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Saint John’s Brilliant Labs gets $1.6 million to strengthen digital literacy in Atlantic Canada

WATCH: The money will create a fund to help kids with great ideas develop patents and refine their skills in the fields of social and environmental entrepreneurialism. Silas Brown has more.

With virtual reality, robotic hands and bottle rockets Saint John’s Brilliant Labs is trying to train the next generation of STEM enthusiasts, and will now have $1.6 million to do it.

“We are absolutely amazed by the creativity and innovation that these young people have. If we can all just get together and empower them, I think Atlantic Canada is in very good hands,” said executive director Jeff Willson.

In order to foster future aerospace engineers, scientists and inventors Brilliant Labs received a grant from the Atlantic Canada Opportunities Agency that is being supplemented with another $1-million combined contribution from Nova Scotia, Prince Edward Island, and Newfoundland and Labrador.

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Willson says the funding will help the non-profit to double the amount available for its Brilliant Project Funding, a program that fund special projects in schools across Atlantic Canada.

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The money will also help to create more makerspaces, and expand the footprint of the education project that has a presence in half the schools in Atlantic Canada across 85 communities.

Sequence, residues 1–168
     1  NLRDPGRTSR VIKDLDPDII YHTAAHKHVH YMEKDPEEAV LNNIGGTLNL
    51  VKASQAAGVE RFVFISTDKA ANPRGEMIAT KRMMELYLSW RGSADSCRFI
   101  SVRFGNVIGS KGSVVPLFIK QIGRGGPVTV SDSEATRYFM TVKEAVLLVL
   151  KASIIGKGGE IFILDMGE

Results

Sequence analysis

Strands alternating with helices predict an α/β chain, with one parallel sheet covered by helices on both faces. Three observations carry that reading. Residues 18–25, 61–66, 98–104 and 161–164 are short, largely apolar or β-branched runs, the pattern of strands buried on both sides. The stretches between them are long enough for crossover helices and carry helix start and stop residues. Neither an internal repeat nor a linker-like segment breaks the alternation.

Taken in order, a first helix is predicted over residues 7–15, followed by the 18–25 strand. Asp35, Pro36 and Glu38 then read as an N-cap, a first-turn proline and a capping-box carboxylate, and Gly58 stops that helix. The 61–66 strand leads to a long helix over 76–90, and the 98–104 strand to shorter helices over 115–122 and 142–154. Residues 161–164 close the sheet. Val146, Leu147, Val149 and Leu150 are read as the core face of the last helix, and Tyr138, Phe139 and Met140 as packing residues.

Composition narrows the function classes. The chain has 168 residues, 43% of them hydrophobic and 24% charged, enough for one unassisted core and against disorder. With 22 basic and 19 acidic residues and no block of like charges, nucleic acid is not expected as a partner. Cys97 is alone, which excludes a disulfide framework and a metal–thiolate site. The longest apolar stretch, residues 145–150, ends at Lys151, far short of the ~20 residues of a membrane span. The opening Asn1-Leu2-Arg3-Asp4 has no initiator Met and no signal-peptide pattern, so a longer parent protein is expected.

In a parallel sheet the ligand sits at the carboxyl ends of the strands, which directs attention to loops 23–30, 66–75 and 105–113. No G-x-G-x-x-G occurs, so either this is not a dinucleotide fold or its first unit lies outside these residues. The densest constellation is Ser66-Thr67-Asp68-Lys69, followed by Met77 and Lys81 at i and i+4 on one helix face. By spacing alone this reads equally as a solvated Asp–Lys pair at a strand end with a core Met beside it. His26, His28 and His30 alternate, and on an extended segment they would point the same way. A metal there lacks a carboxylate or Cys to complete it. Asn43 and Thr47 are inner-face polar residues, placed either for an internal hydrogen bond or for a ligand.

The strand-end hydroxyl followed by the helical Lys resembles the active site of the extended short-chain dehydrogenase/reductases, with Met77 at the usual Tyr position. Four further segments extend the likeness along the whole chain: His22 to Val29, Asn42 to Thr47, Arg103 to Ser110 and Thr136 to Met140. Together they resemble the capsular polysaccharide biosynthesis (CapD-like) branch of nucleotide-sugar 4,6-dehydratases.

But the newest offering opened up by the funding is an Intellectual Property Fund, which Willson says will help students take impressive ideas from the drawing book to the real world and the patent office.

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“With some of this funding we’re going to be able to inspire young people to problem solve real world problems that are affecting their communities, their schools, themselves, their homes and then perhaps there’s a socially responsible entrepreneurial venture that comes out of it,” Willson said.

The minister of science and sport, Kirsty Duncan, was in Saint John to make the announcement and stressed the importance of fostering a love of STEM in the next generation.

“It’s not just enough to attract them to the careers in these fields, the STEM field, but we have to retain them. By developing a lifelong love, it will be good for the people of Atlantic Canada. They will have the skills for the jobs of the future,” Duncan said.